BBB National Programs Archive
NAD Finds Iovate can Support Challenged Claims for ‘Six Star Whey Protein Plus’
New York, NY – May 14, 2015 – The National Advertising Division has determined that Iovate Health Sciences International, the maker of “Six Star Whey Protein Plus” dietary supplement powder, can support challenged claims for the product. The claims at issue were challenged by the Council for Responsible Nutrition (CRN).
NAD is an investigative unit of the advertising industry’s system of self-regulation. It is administered by the Council of Better Business Bureaus.
In support of its superiority, performance and establishment claims, the advertiser submitted the results of a clinical trial on two of the ingredients in Six Star Whey Protein Plus – the Burke study.
NAD precedent makes clear that when making claims based on the ingredients in a product, the advertised product should contain similar ingredient amounts, formulations and route of administration as the underlying study submitted in support of the health claims. To be considered sufficiently reliable to provide a reasonable basis for an advertiser’s’ health-related claims, the ingredient study should constitute competent and reliable evidence.
Competent and reliable scientific evidence, generally speaking, is usually in the form of human clinical trials that are methodologically sound and statistically significant to the 95% confidence level. In reviewing such claims, NAD assesses the fit of the clinical trial to the advertised benefits to determine whether the trial results translated into meaningful benefits for consumers that relate directly to the performance attributes promised by the advertising.
In this case, CRN argued that the Burke study tested a supplement powder that was different in dosage and formulation than the advertiser’s product. As a result, the challenger contended that the study could not be considered competent and reliable support for the purpose of substantiating the advertiser’s claims.
The advertiser argued that the Burke study formulation was essentially equivalent to that of the Six Star Whey Protein Plus and that any small differences between the two were inconsequential to the study outcomes. The advertiser further argued that it clearly explains to consumers the basis for its advertising claims.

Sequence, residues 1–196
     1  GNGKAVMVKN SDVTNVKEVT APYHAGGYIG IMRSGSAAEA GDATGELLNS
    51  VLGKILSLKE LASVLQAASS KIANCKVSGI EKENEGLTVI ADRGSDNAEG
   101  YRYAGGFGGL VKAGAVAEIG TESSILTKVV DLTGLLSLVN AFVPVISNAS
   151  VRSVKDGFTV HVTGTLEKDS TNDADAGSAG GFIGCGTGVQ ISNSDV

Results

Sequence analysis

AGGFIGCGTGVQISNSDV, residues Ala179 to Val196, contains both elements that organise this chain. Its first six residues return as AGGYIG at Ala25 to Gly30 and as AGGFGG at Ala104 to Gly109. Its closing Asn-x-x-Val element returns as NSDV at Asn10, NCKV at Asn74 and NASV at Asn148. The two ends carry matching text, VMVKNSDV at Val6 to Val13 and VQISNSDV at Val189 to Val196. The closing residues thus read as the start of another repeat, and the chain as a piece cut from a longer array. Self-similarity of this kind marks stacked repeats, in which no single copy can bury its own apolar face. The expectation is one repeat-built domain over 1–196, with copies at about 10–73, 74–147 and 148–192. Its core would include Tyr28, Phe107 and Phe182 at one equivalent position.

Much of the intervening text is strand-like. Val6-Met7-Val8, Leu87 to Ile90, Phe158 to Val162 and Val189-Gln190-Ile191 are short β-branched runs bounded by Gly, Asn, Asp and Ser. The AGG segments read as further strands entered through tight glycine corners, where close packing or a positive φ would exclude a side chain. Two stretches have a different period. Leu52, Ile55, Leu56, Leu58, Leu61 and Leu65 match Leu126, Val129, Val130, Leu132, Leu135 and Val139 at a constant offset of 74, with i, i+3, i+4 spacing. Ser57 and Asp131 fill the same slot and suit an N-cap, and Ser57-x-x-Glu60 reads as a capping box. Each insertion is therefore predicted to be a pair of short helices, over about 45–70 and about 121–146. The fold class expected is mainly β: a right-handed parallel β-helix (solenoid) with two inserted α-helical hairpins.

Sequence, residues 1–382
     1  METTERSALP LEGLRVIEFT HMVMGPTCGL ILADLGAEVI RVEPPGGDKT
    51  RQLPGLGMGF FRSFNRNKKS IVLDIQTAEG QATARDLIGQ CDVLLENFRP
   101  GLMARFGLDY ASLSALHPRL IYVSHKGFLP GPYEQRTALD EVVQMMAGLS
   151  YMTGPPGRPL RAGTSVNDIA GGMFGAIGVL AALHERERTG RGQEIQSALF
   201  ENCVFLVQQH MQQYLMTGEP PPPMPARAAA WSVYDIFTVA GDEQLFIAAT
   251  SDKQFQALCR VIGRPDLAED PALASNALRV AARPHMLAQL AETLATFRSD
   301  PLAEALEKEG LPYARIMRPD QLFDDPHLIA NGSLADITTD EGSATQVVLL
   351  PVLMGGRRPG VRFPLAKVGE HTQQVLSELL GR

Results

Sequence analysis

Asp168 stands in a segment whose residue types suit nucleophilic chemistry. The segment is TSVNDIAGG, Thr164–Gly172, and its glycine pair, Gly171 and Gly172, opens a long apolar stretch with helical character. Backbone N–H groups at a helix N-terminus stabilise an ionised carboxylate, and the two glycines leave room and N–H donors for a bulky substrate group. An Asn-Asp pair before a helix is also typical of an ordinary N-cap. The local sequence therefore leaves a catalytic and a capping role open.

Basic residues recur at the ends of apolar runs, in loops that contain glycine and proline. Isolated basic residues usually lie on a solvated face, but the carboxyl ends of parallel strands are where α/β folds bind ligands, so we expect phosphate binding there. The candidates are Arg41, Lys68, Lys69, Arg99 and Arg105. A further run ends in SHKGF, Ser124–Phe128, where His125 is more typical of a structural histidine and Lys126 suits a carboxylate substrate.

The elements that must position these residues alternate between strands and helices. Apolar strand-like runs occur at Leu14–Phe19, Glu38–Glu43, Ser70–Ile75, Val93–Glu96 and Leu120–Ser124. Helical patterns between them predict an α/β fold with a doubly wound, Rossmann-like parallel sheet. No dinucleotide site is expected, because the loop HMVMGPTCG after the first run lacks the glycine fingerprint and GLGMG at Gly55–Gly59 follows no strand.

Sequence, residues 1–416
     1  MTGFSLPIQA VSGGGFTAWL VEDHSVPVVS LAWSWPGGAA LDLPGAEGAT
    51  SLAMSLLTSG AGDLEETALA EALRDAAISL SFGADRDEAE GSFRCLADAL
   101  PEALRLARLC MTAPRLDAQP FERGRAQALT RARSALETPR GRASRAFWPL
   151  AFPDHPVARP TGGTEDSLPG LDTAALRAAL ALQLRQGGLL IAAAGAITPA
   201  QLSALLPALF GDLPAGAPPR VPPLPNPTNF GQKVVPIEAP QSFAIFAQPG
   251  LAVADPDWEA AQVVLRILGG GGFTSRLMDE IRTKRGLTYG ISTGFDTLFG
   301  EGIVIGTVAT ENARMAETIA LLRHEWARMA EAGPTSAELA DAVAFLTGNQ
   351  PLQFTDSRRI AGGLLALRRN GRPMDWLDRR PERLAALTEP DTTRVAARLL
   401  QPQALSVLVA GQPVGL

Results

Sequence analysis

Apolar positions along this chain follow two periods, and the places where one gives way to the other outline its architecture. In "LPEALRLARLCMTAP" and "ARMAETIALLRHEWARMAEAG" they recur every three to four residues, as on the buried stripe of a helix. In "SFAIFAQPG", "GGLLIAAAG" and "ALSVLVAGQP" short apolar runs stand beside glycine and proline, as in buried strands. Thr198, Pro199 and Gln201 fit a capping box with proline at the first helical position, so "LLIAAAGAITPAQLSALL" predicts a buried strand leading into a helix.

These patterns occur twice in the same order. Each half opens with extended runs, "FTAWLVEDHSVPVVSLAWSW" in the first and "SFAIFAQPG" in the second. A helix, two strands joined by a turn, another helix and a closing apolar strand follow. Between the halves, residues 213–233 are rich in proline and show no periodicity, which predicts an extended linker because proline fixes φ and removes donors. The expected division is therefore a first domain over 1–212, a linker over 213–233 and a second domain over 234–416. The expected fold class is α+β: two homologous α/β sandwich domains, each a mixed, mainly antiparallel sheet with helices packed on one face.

NAD examined the claims as they appeared in print and Internet advertising and on the product label. Following its review of the evidence, NAD determined that the advertiser provided a reasonable basis for the challenged claims, in the context in which those claims appeared.
NAD recommended that the advertiser clearly, conspicuously and in close proximity to its print claim “scientifically shown to be 70% better than regular whey” include the qualifying language that its claim is based on ingredient testing and also include the relative amounts of weight gained in the whey and whey-creatine groups (8.8 vs. 5.1 pounds).
NAD determined that the advertiser had provided a reasonable basis for its claims that “boosts strength & supports recovery” and “loaded with micro-filtered whey proteins, fast-absorbing BCAAs and glutamine to help you recover from your workout.
Further, NAD determined that the advertiser had provided a reasonable basis for the challenged consumer testimonials and that no “generally expected results” disclosures were necessary.
The company, in its advertiser’s statement, said it “appreciates NAD’s careful review of the issues presented in this challenge and will consider NAD’s recommendations regarding product disclosures in future Six Star advertising.”